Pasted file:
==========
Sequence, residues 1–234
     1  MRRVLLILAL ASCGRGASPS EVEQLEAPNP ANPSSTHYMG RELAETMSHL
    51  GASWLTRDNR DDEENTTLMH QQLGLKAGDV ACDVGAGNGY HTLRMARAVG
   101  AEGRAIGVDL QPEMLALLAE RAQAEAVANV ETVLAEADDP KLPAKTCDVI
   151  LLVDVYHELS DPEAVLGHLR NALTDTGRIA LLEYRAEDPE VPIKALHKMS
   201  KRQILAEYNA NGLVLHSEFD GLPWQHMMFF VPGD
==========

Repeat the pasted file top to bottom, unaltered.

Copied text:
Sequence, residues 1–234
     1  MRRVLLILAL ASCGRGASPS EVEQLEAPNP ANPSSTHYMG RELAETMSHL
    51  GASWLTRDNR DDEENTTLMH QQLGLKAGDV ACDVGAGNGY HTLRMARAVG
   101  AEGRAIGVDL QPEMLALLAE RAQAEAVANV ETVLAEADDP KLPAKTCDVI
   151  LLVDVYHELS DPEAVLGHLR NALTDTGRIA LLEYRAEDPE VPIKALHKMS
   201  KRQILAEYNA NGLVLHSEFD GLPWQHMMFF VPGD